Inflation at a five-year low in September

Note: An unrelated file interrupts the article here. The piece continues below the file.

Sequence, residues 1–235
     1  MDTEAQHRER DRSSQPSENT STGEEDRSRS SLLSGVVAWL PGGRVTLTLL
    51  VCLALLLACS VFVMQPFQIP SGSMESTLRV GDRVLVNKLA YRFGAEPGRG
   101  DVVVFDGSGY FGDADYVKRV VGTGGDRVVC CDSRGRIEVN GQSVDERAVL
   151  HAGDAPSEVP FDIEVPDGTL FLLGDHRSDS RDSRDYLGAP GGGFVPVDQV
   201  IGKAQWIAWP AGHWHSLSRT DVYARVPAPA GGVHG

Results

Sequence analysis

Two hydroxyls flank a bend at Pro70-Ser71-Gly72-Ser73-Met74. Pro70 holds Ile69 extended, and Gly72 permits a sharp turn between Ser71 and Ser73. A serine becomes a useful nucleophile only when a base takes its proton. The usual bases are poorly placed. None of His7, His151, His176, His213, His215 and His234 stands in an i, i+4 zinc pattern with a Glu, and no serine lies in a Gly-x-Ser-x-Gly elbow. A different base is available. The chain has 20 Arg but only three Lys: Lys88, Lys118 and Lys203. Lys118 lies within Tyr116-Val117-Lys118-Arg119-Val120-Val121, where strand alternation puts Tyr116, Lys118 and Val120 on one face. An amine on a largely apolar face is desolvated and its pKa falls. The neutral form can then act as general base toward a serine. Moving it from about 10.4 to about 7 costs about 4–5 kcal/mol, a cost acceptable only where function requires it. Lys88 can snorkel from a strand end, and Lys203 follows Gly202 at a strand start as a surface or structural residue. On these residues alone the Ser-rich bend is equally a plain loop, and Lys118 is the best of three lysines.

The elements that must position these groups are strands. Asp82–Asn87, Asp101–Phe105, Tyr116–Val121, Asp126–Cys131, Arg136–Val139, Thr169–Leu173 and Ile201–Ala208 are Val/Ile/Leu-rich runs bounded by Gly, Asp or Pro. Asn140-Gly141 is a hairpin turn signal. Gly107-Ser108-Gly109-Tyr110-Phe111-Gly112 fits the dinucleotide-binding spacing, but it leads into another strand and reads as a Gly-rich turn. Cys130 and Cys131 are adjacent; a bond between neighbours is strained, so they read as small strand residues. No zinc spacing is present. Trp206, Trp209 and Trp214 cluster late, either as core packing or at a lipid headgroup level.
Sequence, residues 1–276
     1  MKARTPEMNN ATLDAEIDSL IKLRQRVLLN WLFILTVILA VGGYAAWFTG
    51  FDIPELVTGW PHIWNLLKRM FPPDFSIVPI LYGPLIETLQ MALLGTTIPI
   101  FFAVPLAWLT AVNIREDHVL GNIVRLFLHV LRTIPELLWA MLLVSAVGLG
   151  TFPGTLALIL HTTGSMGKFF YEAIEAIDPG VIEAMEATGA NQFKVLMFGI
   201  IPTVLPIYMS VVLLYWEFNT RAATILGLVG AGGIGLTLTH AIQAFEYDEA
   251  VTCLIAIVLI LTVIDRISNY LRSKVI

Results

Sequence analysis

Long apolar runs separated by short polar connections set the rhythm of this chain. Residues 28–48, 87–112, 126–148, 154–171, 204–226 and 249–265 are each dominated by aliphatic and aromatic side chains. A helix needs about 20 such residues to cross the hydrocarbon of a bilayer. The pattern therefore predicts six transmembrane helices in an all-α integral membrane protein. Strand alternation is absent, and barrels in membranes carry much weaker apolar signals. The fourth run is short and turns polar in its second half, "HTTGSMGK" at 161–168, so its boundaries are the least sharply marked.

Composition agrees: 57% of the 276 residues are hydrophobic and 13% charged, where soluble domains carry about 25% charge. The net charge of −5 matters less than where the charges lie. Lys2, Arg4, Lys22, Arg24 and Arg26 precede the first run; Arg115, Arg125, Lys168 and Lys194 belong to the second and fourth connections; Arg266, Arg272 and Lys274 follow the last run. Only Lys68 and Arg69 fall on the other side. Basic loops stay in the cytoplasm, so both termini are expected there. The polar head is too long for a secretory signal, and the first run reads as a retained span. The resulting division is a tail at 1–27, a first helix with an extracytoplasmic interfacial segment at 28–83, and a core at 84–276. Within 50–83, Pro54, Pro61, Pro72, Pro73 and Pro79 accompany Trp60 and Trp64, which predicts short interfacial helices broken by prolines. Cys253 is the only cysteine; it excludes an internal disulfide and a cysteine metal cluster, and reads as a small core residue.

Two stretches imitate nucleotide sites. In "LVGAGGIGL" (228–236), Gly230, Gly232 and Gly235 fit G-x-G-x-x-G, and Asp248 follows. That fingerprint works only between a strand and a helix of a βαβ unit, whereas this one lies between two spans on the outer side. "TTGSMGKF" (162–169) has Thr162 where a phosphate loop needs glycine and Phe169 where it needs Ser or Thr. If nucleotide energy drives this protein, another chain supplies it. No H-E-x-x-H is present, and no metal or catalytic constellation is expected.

CONSUMER price inflation plummeted in September to a five-year low, though economists warned inflation was more likely to overshoot than undershoot the target of two per cent in the next few quarters.<br /><br />Consumer Price Index (CPI) annual inflation fell to 1.1 per cent in September, down from 1.6 per cent in August and falling short of analysts&rsquo; forecasts of an easing to 1.3 per cent. <br /><br />The annual figure came after prices remained unchanged on a month-by-month basis in September, the lowest rate of change since records began in 1996.<br /><br />The Office for National Statistics (ONS) said the fall was primarily due to downward pressure from static household bills for gas and electricity, which spiked this time last year due to suppliers increasing their prices.<br /><br />Meanwhile, the retail price index (RPI) &ndash; which is used to calculate pensions and state benefits &ndash; showed an annual inflation rate of -1.4 per cent, down from 1.3 per cent fall in August.<br /><br />But economists said that Bank of England governor Mervyn King was unlikely to have to write a letter to chancellor Alistair Darling later in the year, explaining away a drop in CPI inflation below one per cent.<br /><br />&ldquo;Even with this figure, the general pattern is more of inflation overshoots than inflation undershoots,&rdquo; said Citigroup economist Michael Saunders, who expects the October figure to rise again to 1.5 per cent.<br /><br />Simon Ward, chief economist at Henderson, added: &ldquo;Inflation is likely to climb sharply over the next few months, with a risk that it breaches three per cent in January.&rdquo;<br /><br /><strong>FAST FACTS </strong> CONSUMER PRICES INDEX<br />&9679; The CPI is the measure for the government&rsquo;s UK inflation target of 2 per cent<br /><br />&9679; If inflation falls below 1 per cent or above 3 per cent, Bank of England governor Mervyn King must write an explanatory letter to the chancellor